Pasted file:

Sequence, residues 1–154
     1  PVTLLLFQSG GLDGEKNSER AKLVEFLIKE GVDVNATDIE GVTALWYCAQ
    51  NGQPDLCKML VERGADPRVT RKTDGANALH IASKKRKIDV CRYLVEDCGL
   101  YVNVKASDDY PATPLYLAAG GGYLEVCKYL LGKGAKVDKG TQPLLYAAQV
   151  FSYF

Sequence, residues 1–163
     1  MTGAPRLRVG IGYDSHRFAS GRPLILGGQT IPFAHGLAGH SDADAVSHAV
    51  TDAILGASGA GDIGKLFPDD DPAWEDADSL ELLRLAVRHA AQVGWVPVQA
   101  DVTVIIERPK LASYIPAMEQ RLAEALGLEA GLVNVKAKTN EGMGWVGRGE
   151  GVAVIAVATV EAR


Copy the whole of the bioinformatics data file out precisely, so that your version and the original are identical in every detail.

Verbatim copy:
Sequence, residues 1–154
     1  PVTLLLFQSG GLDGEKNSER AKLVEFLIKE GVDVNATDIE GVTALWYCAQ
    51  NGQPDLCKML VERGADPRVT RKTDGANALH IASKKRKIDV CRYLVEDCGL
   101  YVNVKASDDY PATPLYLAAG GGYLEVCKYL LGKGAKVDKG TQPLLYAAQV
   151  FSYF

Sequence, residues 1–163
     1  MTGAPRLRVG IGYDSHRFAS GRPLILGGQT IPFAHGLAGH SDADAVSHAV
    51  TDAILGASGA GDIGKLFPDD DPAWEDADSL ELLRLAVRHA AQVGWVPVQA
   101  DVTVIIERPK LASYIPAMEQ RLAEALGLEA GLVNVKAKTN EGMGWVGRGE
   151  GVAVIAVATV EAR